After giving him a new deal, Riders shouldn’t let Chris Jones walk away

I’m not Craig Reynolds, nor do I want to be the Saskatchewan Roughriders’ president/CEO.

But if I were, I would have offered Chris Jones a contract that allows the CFL team’s on-field boss to opt early out of his pact only if he received a head coaching job with an NCAA Division I football program or an NFL team.

Head coach only. Not a defensive coordinator. Not a linebackers coach or any other position unless it includes being the head coach. Or a general manager, athletic director, something that’s unquestionably a step upwards from Jones’ current role as Saskatchewan’s vice-president of football operations, general manager, head coach and defensive coordinator.

Jones had one year remaining on his old contract before agreeing to a one-year extension.

Even with the salary reduction that likely comes with the new Riders contract — Jones admitted last year his massive coaching staff would be trimmed and those remaining, including himself, would be receiving a pay cut, likely in the 10 per cent range to abide by the CFL’s new administrative cap — he’s still getting paid in the $600,000-plus range.

NCAA Division I and NFL coordinators get paid about that much, although it’s admittedly in richer U.S. dollars. The Americans also provide pension plans, something the CFL (for crying out loud!) needs to establish for its coaches.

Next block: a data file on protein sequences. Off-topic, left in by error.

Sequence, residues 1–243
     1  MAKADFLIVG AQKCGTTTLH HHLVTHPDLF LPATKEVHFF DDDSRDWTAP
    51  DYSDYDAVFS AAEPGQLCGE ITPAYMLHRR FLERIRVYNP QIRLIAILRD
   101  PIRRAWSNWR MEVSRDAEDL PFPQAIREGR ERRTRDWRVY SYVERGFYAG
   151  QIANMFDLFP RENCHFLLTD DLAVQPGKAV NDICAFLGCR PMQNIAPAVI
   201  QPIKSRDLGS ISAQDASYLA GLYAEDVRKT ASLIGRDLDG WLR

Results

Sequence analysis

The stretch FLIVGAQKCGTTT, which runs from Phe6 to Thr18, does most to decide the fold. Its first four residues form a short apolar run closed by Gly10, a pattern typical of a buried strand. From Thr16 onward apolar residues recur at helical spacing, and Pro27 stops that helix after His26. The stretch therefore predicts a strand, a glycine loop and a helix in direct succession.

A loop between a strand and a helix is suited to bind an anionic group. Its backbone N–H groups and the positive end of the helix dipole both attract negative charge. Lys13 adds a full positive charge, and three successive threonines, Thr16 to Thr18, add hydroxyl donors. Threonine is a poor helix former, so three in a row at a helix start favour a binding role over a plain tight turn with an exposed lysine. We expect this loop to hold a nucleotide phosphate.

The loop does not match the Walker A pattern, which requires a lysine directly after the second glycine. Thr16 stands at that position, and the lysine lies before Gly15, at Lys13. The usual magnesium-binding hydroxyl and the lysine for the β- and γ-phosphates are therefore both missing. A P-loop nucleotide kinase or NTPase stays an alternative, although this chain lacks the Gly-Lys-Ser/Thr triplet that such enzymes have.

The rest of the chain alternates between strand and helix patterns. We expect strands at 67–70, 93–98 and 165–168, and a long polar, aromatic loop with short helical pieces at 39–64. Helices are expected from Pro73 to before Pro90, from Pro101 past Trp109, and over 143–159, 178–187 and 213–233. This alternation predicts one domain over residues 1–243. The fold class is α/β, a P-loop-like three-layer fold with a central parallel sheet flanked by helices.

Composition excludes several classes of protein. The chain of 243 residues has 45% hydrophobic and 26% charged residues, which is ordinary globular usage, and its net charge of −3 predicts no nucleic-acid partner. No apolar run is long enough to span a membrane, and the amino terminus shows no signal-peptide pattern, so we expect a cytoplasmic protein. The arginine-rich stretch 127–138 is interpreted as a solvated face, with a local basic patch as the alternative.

There’s also the argument that accepting a coordinator’s job would give someone a leg up on becoming a head coach in the future. And head coaches in the U.S. can get paid $8 million annually.

Tough luck! The Roughriders made a tremendous commitment to Jones, luring him away from the Edmonton Eskimos immediately after they won the 2015 Grey Cup with a long-term deal, hefty salary and virtually unfettered control of football operations.

It wasn’t the first time Jones broke a contract. He’s also broken some CFL roster rules along the way, but Jones has certainly improved the Roughriders, who have won five, 10 and 12 games in his three seasons in Saskatchewan. Hence the Roughriders want him committed to fortifying the team, picking a staff, finding a quarterback and continuing to develop stars like defensive end Willie Jefferson and quarterback-turned-cornerback Nick Marshall.

There are unsubstantiated reports that two NFL teams and a U.S. college have looked at Jones’ accomplishments with thoughts of hiring him. Such reports give him some negotiating leverage, but unless they’re offering him the top job Jones should be held to the terms of his Roughriders contract.

That wouldn’t make him happy. Maybe it would put the Roughriders in a bad light among the coaching fraternity. But the CFL is a respectable league with lots of coaching candidates looking for jobs; it doesn’t have to kowtow by allowing its leaders to become subservient co-ordinators in the NFL.

Eleven years ago, Kent Austin won a Grey Cup as Saskatchewan’s head coach and was immediately lured away to become an offensive coordinator at his alma mater, Ole Miss. Then-GM Eric Tillman, another Ole Miss alumnus and Austin’s close friend, let his coach walk out on his contract.

While Austin meandered through myriad college coaching jobs before returning to the CFL with another franchise, the Roughriders needed six years, three coaches and a couple of general managers before they won another Grey Cup. They would have been smarter to have held onto Austin.

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